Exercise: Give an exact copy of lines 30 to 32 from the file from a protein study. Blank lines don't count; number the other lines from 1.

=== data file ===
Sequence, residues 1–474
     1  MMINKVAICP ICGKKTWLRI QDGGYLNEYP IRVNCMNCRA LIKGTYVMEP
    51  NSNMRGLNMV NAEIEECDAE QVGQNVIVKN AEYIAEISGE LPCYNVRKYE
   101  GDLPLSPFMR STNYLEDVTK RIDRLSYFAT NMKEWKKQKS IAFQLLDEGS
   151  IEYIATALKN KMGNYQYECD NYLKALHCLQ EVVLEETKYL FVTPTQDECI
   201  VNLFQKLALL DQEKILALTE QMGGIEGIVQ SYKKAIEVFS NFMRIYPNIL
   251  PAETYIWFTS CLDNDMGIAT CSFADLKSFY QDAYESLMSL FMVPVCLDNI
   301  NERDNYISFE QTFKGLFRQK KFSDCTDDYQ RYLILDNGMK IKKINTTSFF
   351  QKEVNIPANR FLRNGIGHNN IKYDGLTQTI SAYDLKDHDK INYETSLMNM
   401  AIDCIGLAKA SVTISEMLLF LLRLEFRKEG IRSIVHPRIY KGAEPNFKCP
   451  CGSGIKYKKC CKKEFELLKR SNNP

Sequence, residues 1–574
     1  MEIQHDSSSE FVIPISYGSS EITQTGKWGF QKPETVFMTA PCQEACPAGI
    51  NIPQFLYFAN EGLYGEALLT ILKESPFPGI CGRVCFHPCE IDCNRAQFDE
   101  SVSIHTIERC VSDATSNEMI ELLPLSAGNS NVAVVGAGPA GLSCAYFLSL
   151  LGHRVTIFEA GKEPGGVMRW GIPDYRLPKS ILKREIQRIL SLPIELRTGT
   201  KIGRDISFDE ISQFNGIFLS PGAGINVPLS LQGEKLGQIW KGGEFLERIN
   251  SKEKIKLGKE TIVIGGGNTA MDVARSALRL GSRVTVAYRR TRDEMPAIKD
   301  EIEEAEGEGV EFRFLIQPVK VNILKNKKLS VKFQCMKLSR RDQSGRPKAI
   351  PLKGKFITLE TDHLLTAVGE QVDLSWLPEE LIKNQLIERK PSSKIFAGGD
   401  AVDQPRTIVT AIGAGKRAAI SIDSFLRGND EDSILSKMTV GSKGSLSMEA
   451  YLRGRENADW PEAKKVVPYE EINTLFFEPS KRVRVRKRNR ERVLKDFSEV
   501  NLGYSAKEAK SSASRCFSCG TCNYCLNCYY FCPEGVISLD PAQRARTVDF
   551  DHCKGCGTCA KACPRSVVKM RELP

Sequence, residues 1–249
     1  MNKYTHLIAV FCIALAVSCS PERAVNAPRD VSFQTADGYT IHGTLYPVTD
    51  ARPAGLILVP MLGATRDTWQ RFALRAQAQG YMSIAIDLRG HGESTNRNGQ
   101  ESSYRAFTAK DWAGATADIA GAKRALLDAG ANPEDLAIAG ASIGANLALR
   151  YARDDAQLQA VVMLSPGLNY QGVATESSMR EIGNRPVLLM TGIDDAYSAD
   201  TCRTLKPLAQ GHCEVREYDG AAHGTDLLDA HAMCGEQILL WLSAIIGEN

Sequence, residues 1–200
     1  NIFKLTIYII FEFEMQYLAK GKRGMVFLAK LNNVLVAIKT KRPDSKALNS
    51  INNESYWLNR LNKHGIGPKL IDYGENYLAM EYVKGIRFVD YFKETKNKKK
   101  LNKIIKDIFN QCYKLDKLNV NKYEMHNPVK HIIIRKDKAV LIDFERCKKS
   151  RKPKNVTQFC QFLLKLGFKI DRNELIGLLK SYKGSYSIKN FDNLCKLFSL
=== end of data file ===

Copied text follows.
   201  TCRTLKPLAQ GHCEVREYDG AAHGTDLLDA HAMCGEQILL WLSAIIGEN

Sequence, residues 1–200
     1  NIFKLTIYII FEFEMQYLAK GKRGMVFLAK LNNVLVAIKT KRPDSKALNS